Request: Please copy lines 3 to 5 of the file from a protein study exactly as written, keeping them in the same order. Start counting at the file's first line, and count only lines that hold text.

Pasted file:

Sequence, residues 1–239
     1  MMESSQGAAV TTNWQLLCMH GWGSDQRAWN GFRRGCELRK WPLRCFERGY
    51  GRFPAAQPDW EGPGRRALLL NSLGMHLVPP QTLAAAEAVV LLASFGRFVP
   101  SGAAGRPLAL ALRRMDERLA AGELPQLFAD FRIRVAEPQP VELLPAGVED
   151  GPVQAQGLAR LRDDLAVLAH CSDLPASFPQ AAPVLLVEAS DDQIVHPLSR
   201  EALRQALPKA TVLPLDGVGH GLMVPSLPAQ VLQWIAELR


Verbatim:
    51  GRFPAAQPDW EGPGRRALLL NSLGMHLVPP QTLAAAEAVV LLASFGRFVP
   101  SGAAGRPLAL ALRRMDERLA AGELPQLFAD FRIRVAEPQP VELLPAGVED
   151  GPVQAQGLAR LRDDLAVLAH CSDLPASFPQ AAPVLLVEAS DDQIVHPLSR